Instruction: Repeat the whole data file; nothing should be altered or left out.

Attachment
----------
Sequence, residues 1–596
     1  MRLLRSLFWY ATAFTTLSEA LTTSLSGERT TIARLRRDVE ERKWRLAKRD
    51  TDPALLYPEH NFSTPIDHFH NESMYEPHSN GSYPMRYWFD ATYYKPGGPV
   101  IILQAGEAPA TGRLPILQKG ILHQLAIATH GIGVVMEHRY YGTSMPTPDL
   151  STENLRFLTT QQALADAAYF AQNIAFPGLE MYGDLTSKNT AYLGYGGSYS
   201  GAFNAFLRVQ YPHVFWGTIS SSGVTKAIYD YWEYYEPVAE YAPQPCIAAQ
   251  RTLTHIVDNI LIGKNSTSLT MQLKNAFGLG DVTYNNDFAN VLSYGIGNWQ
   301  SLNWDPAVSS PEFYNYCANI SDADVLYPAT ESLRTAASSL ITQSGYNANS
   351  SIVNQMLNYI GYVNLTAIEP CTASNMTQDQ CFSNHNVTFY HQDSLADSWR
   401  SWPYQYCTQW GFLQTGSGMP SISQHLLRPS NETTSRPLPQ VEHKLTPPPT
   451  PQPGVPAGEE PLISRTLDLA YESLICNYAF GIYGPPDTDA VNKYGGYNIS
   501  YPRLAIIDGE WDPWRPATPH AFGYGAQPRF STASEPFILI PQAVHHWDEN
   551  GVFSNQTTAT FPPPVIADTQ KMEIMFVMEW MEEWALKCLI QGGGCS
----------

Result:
Sequence, residues 1–596
     1  MRLLRSLFWY ATAFTTLSEA LTTSLSGERT TIARLRRDVE ERKWRLAKRD
    51  TDPALLYPEH NFSTPIDHFH NESMYEPHSN GSYPMRYWFD ATYYKPGGPV
   101  IILQAGEAPA TGRLPILQKG ILHQLAIATH GIGVVMEHRY YGTSMPTPDL
   151  STENLRFLTT QQALADAAYF AQNIAFPGLE MYGDLTSKNT AYLGYGGSYS
   201  GAFNAFLRVQ YPHVFWGTIS SSGVTKAIYD YWEYYEPVAE YAPQPCIAAQ
   251  RTLTHIVDNI LIGKNSTSLT MQLKNAFGLG DVTYNNDFAN VLSYGIGNWQ
   301  SLNWDPAVSS PEFYNYCANI SDADVLYPAT ESLRTAASSL ITQSGYNANS
   351  SIVNQMLNYI GYVNLTAIEP CTASNMTQDQ CFSNHNVTFY HQDSLADSWR
   401  SWPYQYCTQW GFLQTGSGMP SISQHLLRPS NETTSRPLPQ VEHKLTPPPT
   451  PQPGVPAGEE PLISRTLDLA YESLICNYAF GIYGPPDTDA VNKYGGYNIS
   501  YPRLAIIDGE WDPWRPATPH AFGYGAQPRF STASEPFILI PQAVHHWDEN
   551  GVFSNQTTAT FPPPVIADTQ KMEIMFVMEW MEEWALKCLI QGGGCS